The iPhone: that one device that started the smartphone revolution, the touchscreen renaissance, and the best iPod ever made.
It all happened four years ago, when Steve Jobs took the stage for Macworld 2007 on January 9th, 2007.
The original price was $499 for a 4 GB iPhone, and $599 for the 8 GB model. In the US, it was originally slated for Cingular, who gobbled up AT&T, but retained and assumed their branding. The iPhone had a staggering number of apps when it launched: 0. The App Store wouldn’t be invented for another year and a half, but it didn’t matter: you could browse full websites, with an experience as smooth as a desktop could provide.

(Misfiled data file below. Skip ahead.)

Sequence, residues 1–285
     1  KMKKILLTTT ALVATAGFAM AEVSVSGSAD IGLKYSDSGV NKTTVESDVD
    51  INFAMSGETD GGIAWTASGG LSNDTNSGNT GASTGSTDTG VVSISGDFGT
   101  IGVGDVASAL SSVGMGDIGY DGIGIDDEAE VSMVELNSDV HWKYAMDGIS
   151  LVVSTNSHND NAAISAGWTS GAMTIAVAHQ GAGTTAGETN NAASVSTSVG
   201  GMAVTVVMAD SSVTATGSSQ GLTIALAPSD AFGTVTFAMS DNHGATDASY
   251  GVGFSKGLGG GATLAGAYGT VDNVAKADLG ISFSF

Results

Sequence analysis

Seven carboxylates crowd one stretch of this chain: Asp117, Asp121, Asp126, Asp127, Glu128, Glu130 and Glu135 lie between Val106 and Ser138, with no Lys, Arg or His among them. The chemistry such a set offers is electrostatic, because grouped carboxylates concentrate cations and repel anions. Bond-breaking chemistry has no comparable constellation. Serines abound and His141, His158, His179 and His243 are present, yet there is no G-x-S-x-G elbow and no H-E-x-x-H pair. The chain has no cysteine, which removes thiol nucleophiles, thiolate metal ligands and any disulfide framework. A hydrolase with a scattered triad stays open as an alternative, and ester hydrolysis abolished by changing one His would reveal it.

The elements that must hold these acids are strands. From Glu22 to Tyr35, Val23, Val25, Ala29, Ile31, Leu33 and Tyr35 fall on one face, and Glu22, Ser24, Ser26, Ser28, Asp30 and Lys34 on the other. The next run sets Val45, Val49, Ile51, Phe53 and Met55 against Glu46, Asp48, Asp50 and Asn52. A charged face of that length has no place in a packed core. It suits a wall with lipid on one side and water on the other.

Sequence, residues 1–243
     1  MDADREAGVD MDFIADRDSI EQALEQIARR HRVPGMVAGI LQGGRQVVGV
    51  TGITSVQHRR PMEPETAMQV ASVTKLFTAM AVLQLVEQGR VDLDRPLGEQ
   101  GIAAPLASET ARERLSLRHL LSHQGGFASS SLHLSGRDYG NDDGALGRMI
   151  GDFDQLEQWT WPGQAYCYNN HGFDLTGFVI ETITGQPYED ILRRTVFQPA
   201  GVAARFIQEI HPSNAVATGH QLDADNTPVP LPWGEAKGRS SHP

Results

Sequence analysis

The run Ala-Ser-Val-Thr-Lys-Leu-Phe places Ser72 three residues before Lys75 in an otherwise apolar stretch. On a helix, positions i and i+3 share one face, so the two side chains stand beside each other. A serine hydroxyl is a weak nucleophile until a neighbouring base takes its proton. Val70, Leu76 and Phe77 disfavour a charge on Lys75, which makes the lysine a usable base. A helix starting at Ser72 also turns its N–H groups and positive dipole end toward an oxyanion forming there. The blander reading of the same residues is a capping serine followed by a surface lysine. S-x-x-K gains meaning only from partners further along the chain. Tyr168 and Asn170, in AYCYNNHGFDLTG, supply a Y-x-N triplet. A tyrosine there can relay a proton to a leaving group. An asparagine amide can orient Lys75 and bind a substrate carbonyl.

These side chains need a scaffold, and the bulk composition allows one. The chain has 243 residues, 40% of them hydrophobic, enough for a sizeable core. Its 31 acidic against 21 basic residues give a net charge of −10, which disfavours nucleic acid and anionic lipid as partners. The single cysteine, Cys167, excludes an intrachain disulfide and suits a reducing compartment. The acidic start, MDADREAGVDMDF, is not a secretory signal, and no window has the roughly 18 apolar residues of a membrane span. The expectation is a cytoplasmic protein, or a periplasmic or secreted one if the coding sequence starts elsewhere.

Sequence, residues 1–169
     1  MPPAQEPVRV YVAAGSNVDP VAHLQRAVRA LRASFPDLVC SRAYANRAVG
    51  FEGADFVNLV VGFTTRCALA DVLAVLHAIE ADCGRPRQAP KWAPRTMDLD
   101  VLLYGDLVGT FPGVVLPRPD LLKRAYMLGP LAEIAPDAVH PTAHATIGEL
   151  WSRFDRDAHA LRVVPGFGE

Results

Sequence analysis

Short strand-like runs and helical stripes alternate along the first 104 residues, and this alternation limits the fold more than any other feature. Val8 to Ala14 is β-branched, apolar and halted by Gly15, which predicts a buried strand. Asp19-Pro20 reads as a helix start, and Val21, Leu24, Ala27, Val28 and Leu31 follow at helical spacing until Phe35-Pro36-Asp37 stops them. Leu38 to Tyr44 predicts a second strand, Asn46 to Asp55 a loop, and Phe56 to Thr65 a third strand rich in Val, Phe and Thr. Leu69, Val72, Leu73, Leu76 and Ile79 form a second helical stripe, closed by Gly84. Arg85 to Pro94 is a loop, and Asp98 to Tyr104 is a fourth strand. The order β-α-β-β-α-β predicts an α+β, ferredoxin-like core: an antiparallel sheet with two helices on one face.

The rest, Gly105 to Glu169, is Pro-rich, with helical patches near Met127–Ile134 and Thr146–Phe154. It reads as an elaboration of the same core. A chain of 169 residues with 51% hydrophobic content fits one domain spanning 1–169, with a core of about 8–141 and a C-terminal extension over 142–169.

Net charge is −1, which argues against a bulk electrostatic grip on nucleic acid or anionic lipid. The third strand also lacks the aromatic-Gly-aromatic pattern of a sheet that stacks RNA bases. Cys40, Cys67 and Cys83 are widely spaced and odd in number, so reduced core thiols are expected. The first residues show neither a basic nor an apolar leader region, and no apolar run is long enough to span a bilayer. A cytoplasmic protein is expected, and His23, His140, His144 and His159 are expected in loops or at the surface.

The iPhone was then shipped to consumers six months later, following one of the, in my humble opinion, most cunning and memorable ad campaigns of all time.
Crazy to think that, in four short years, RIM has failed to produce a true iPhone competitor, Google and their Android platform have risen to become the de facto iOS competitor, Microsoft has fallen (Windows Mobile), and then risen again (Windows Phone), and Palm–a former mobile powerhouse–has fallen, been saved by its own product, fallen slowly again, before being purchased by HP. Yet, after all of that, iOS–arguably–continues to be the choice platform for smartphone buyers.
And yes: after four years, it looks like we’ll be getting a Verizon iPhone.